Smoking cigarettes is not only the principle cause of chronic obstructive pulmonary disease (COPD), but it may change the body's immune responses to bacteria that commonly cause exacerbations of the disease, according to new research in a mouse model.
"It is well established that smoking is the main risk factor for COPD. But our research also suggests that cigarette smoke substantially changes the immune response to bacteria, which means that patients with COPD who smoke are weakening their body's ability to deal effectively with bacterial invaders. This may cause even further progression of the disease," said Martin Stmpfli, Ph.D., an associate professor at McMaster University, the principle investigator of the study.
"We wanted to see whether and how cigarette smoke would change the inflammatory response to the bacteria that is the culprit behind many COPD exacerbations, nontypeable Haemophilus influenzae or NTHI."
Their results were published in the second issue of April of the American Journal of Respiratory and Critical Care Medicine.
Dr. Stmpfli and colleagues tested the effects of cigarette smoke exposure on inflammation and immune response in mice that were exposed to cigarette smoke twice daily five days a week for either eight weeks or four days then challenged with an intranasal inoculation of NTHI. The cigarette smoke exposure roughly approximated that of an "average" human smoker (within the limitations of a model with differing metabolic processes.) Control mice were not exposed to cigarette smoke, but were inoculated with NTHI as were the cigarette smoke-exposed mice.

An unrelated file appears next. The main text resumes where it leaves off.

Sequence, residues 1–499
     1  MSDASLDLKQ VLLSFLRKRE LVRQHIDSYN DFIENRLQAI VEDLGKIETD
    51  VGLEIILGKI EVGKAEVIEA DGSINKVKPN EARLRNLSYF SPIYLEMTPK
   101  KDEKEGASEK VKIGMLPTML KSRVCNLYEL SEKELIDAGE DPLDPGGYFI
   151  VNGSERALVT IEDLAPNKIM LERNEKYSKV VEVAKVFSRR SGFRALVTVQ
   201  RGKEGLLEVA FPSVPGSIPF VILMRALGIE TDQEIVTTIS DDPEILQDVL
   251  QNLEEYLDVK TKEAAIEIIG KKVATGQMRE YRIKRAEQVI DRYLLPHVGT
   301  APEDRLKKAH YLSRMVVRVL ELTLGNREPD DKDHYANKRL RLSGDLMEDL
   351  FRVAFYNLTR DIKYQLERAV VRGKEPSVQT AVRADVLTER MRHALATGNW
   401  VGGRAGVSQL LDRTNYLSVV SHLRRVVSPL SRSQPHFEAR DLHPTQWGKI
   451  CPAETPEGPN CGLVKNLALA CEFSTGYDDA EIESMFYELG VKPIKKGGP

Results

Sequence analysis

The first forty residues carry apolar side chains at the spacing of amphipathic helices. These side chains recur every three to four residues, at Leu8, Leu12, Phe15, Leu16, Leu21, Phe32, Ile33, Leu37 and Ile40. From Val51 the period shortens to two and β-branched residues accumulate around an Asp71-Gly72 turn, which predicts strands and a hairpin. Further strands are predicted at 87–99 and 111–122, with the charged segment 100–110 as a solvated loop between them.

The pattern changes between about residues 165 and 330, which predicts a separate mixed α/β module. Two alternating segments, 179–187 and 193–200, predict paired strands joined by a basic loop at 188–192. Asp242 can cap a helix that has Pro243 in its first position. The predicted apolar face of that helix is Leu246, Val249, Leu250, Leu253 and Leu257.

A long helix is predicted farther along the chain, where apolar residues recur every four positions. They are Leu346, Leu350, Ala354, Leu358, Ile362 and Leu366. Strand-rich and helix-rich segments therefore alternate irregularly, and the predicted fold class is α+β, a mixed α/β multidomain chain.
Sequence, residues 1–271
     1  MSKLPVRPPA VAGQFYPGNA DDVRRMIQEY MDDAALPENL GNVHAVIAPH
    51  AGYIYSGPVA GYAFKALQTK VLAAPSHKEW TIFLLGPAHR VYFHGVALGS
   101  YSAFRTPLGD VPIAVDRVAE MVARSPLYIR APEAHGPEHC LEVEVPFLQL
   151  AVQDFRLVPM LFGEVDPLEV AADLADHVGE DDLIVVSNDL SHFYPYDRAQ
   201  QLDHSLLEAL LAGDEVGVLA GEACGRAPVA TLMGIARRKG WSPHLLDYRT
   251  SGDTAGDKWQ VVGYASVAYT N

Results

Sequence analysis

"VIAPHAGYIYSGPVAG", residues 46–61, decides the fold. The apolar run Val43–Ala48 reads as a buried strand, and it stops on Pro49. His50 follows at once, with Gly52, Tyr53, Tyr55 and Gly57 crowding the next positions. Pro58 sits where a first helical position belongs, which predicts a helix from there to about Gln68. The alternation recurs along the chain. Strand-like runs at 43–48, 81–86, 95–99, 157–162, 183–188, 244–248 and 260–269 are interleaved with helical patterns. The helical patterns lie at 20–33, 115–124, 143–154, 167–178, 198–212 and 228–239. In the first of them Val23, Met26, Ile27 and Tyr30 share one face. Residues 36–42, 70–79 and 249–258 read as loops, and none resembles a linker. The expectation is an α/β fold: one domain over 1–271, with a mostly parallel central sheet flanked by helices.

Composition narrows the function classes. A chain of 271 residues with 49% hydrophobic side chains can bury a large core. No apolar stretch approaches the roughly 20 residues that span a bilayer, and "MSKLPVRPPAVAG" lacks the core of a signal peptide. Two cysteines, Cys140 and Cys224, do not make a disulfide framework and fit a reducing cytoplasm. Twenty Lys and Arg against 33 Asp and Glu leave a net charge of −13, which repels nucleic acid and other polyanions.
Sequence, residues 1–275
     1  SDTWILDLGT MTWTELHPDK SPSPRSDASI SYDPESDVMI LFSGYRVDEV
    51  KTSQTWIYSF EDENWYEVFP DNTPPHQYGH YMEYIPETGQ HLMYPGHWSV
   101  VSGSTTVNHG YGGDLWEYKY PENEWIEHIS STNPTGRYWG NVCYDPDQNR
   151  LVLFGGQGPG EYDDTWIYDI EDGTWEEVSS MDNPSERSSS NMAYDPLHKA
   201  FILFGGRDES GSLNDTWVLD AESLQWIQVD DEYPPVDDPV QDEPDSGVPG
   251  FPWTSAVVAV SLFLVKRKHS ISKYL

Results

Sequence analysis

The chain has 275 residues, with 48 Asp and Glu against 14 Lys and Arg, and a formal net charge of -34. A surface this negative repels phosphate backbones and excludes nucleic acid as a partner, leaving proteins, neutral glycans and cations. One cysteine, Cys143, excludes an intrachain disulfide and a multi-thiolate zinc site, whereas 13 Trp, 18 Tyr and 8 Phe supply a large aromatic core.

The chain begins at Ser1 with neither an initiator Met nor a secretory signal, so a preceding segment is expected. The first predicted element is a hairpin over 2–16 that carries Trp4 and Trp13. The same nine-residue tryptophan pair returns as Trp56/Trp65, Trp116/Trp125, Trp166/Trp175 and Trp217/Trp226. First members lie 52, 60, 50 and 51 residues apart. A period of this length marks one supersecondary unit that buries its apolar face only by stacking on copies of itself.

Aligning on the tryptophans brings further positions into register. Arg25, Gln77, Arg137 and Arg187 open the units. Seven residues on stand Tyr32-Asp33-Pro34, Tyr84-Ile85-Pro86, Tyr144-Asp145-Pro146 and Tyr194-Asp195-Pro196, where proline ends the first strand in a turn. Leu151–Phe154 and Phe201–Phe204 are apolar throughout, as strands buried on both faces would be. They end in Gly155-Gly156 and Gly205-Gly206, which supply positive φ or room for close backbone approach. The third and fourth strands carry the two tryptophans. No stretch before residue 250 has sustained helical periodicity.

The researchers found that mice that were exposed to cigarette smoke, whether for four days or for eight weeks, showed distinct shifts in their immune-response profile, namely an increase in inflammation of the lungs after the NTHI challenge, increased weight-loss in response to the bacterial infection and, notably, a shift in th
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American Thoracic Society